On This Page:
- Tools & Materials You’ll Need
- Measuring & Planning
- How to Remove Your Old Toilet
- Installing Your New Toilet
- What to Consider if You Hire
It’s hard to argue against its utility, but like all household fixtures, toilets get old, break down and may even crack and leak. Whether you’re adding a low-flow alternative to save water as part of a bathroom renovation or you’re taking out a broken unit that has just seen too many flushes, installing a toilet is not as tough as it may seem. In fact, an intermediate DIYer with a little plumbing know-how can get the job done (with a little bit of help) in a couple of hours.
Of course, any time you deal with plumbing and sewage there can be backups and backlogs, creating huge messes that will definitely require some professional assistance. In this case, knowing what to ask and what to expect when hiring a pro to install a toilet for you is equally important. Read on to learn what you need to know about toilet installation, from removal to that first flush, and make sure you’re prepared to get the job done, or at least prepared to hire the right person to get it done for you.
Tools & Materials You’ll Need
The tools needed to replace an old toilet and install a new one are pretty basic. However, it’s important to note that these tools and the following instructions relate only to the process used when removing an old unit and putting a new one in its place. Installing a new toilet where there wasn’t one before is a much more complex process that involves advanced plumbing knowledge. In other words, it’s not a recommended DIY project, and it’s often something that requires permitting and inspection. Here’s a list of the basic tools for the replacement task at hand:
- Adjustable wrench
- Tape measure
- Set of screwdrivers
- Putty knife
- Sponge and old rags (use a large car-washing sponge; these hold the most water)
- Work gloves
You will also need several materials to complete the work. These include:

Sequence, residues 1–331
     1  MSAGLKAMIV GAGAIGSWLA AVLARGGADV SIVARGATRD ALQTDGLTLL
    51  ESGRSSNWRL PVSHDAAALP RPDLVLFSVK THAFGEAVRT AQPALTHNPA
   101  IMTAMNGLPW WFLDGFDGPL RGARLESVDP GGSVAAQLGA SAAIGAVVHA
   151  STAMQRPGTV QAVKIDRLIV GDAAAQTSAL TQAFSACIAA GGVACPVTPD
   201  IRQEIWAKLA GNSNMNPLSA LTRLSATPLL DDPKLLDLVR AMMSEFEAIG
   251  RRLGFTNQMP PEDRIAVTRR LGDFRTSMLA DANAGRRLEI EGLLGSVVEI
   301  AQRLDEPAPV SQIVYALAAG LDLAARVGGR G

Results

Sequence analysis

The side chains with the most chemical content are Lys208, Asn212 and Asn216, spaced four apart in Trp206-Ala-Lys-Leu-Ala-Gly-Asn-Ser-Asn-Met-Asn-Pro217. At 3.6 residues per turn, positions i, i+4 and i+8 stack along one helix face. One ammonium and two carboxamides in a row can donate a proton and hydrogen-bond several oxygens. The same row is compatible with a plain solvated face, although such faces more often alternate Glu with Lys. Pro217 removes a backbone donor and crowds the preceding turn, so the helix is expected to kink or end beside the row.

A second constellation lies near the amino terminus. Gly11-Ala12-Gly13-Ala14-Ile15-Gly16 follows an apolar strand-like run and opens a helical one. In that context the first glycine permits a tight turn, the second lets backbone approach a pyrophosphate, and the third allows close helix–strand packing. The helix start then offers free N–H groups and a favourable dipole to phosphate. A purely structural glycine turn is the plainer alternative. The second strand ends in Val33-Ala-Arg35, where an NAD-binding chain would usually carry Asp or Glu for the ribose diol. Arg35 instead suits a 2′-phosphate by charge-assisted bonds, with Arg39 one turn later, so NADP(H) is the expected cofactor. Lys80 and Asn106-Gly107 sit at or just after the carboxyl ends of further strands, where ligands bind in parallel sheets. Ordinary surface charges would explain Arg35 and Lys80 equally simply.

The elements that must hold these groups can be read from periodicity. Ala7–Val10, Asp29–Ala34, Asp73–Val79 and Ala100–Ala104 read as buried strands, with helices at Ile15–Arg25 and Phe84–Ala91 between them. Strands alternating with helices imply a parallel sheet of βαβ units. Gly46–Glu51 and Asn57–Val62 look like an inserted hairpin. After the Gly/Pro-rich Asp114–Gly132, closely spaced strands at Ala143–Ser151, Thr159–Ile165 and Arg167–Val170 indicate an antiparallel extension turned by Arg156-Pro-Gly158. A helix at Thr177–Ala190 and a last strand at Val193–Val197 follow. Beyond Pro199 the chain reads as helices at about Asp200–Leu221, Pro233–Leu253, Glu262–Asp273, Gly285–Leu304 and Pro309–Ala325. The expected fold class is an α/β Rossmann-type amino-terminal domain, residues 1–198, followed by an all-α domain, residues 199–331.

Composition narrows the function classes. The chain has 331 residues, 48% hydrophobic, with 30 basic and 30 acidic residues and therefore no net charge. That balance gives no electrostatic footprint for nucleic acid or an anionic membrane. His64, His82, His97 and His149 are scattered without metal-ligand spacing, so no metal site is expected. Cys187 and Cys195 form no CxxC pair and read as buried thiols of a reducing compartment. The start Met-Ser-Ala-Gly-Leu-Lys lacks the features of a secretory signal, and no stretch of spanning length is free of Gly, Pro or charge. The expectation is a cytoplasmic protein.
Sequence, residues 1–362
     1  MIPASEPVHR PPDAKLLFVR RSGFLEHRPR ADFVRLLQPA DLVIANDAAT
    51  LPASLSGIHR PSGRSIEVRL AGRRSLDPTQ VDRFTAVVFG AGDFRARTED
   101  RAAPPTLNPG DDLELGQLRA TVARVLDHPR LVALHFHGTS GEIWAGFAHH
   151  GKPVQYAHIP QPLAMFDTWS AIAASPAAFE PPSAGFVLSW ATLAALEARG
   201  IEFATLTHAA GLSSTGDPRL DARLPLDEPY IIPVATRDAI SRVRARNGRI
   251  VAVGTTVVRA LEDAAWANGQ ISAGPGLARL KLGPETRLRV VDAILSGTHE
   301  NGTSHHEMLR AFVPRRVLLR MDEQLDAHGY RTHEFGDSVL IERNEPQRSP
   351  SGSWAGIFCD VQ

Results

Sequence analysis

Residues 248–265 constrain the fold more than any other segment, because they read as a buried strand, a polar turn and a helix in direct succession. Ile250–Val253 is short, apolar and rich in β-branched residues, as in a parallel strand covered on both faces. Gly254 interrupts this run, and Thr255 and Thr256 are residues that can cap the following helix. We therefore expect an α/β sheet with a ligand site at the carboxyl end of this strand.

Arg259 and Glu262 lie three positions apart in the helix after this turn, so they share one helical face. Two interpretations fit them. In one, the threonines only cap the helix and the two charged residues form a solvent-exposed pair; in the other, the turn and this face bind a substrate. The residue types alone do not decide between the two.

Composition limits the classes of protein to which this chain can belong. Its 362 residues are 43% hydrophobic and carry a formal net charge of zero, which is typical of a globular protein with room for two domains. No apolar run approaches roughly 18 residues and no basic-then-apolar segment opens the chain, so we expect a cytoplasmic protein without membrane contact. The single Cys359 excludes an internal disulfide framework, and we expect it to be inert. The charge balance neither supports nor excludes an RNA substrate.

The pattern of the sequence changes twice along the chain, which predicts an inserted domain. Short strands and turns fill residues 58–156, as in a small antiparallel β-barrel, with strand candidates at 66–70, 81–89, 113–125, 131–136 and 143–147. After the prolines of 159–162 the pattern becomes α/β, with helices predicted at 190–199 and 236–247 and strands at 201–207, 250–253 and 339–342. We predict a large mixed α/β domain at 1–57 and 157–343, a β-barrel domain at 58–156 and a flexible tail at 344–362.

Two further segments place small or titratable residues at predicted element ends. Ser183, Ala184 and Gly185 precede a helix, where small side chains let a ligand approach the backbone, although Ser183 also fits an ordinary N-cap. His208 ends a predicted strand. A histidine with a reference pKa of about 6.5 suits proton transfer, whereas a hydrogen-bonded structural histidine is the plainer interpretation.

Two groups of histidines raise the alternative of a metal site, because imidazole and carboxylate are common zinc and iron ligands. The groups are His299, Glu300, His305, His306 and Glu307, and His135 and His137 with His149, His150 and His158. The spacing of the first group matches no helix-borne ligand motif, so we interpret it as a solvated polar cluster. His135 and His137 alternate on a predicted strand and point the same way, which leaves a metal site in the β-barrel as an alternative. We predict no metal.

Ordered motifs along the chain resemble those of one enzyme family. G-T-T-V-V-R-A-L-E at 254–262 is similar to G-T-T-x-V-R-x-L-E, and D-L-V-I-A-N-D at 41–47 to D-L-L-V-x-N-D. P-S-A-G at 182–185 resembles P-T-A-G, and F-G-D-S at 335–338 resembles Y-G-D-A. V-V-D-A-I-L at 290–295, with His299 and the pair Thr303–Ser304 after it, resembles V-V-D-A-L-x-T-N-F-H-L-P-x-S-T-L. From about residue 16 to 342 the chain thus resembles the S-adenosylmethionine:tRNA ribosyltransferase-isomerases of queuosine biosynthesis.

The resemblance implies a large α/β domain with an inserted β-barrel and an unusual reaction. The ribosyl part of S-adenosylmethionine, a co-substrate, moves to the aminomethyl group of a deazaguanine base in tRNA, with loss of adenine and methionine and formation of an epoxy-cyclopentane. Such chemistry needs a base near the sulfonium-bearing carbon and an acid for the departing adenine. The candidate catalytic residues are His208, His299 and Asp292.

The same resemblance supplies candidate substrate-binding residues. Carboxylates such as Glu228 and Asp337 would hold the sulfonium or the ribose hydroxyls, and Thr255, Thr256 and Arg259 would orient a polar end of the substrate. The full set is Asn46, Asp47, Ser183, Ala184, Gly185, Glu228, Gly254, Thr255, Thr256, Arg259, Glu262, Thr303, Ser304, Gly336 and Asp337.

- New toilet — either one-piece or separate tank and bowl
- Wax ring
- New bolts
- New toilet seat and lid (if they’re not included with the toilet you purchased)
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Measuring & Planning
Before you pick up any other tool, take out your tape measure and make sure that the dimensions of your new toilet are such that they will fit in the space of the old one. This is particularly important in older homes with smaller bathrooms and in bathrooms with other renovation features, such as a new vanity. The last thing you want to have is a heavy toilet bowl that won’t fit in a tight area. Here’s what to do:
- Start measuring from the rear wall behind the toilet. FInd the distance from the wall to the center of one of the closet bolts. If your toilet has four bolts, measure to one of the back bolts.
- Next, measure the distance between the center of the mounting hole on your new toilet to the back of that toilet.
- Compare these two numbers. If the second is smaller than the first, you’re good to go.
It’s also important for those in tight-fitting situations to measure the width of the space available from the side of the old toilet’s flange bolts to the wall or vanity next to it. You should compare that measurement to the width of the new toilet to ensure that the new one properly fits into the space.
How to Remove Your Old Toilet
With a properly sized toilet and the right tools in hand, the first step for installation is the removal of the old one. The hardest part of this project is the physical removal of the toilet itself. Be sure to have a partner on hand to help you carry the fixture out to minimize damage to the surrounding area and limit the potential for injury. Then, follow these steps:
- Shut Off the Water – Begin by shutting off the supply line to the toilet — located on the wall or floor — and draining the bowl and tank of water by flushing, plunging and then sponging out any remaining water into a bucket.
- DIsconnect the Supply Water Line – Use an adjustable wrench, taking care to keep the water pipe at the wall or in the floor steady and undisturbed. There will likely be some water left over in the line, so have rags or a sponge ready to clean it up.
- Remove the Tank from the Bowl – If the toilet isn’t in one piece, it’s easier and safer to remove it in parts. Start by disconnecting the bolts underneath the tank with an adjustable wrench. The tops of the screws will likely be inside the tank itself. Once out, lift the tank straight up, wiggling it gently from side to side in order to loosen any rust. This is ideally a two-person job.
- Remove the Bowl of the Toilet from the Floor – Pop off the caps covering the floor bolts and unscrew the bolts with an adjustable wrench or pliers. For older, rusted units, you may need to use a lubricant or other penetrating catalyst like WD-40 or PB Blaster to help. If you still have a hard time, get in a few twists to raise the bolts up, and then sever the screw with a hacksaw.
If the old toilet has been caulked to the floor, use a utility knife to score around the base of the bowl and loosen the caulk. Then, use a slight rocking motion to completely loosen the unit and lift it off the floor. This should expose the old wax ring. Use the putty knife to remove any wax from the old flange, and stuff a rag into the floor drain to prevent any sewer gasses from coming out during the next phase of installation.